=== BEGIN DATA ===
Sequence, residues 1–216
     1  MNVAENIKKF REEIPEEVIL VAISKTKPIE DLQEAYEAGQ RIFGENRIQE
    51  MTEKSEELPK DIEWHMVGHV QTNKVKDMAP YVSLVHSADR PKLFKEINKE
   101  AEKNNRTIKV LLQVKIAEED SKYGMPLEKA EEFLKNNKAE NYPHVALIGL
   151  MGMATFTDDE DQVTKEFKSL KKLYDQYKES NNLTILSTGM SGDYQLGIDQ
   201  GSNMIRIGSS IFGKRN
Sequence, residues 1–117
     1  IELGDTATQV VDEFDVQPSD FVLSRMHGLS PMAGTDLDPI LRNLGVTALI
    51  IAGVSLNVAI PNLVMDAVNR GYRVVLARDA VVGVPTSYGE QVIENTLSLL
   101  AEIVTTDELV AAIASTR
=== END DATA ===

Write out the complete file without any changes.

Sequence, residues 1–216
     1  MNVAENIKKF REEIPEEVIL VAISKTKPIE DLQEAYEAGQ RIFGENRIQE
    51  MTEKSEELPK DIEWHMVGHV QTNKVKDMAP YVSLVHSADR PKLFKEINKE
   101  AEKNNRTIKV LLQVKIAEED SKYGMPLEKA EEFLKNNKAE NYPHVALIGL
   151  MGMATFTDDE DQVTKEFKSL KKLYDQYKES NNLTILSTGM SGDYQLGIDQ
   201  GSNMIRIGSS IFGKRN
Sequence, residues 1–117
     1  IELGDTATQV VDEFDVQPSD FVLSRMHGLS PMAGTDLDPI LRNLGVTALI
    51  IAGVSLNVAI PNLVMDAVNR GYRVVLARDA VVGVPTSYGE QVIENTLSLL
   101  AEIVTTDELV AAIASTR